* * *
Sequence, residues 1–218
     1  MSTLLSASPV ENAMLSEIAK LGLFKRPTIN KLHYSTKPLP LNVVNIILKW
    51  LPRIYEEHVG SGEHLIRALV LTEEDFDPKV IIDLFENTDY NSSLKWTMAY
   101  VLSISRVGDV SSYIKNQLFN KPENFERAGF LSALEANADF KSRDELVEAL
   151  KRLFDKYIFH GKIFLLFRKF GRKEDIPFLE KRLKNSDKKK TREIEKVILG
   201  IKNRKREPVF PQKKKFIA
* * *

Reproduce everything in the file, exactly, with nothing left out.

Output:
Sequence, residues 1–218
     1  MSTLLSASPV ENAMLSEIAK LGLFKRPTIN KLHYSTKPLP LNVVNIILKW
    51  LPRIYEEHVG SGEHLIRALV LTEEDFDPKV IIDLFENTDY NSSLKWTMAY
   101  VLSISRVGDV SSYIKNQLFN KPENFERAGF LSALEANADF KSRDELVEAL
   151  KRLFDKYIFH GKIFLLFRKF GRKEDIPFLE KRLKNSDKKK TREIEKVILG
   201  IKNRKREPVF PQKKKFIA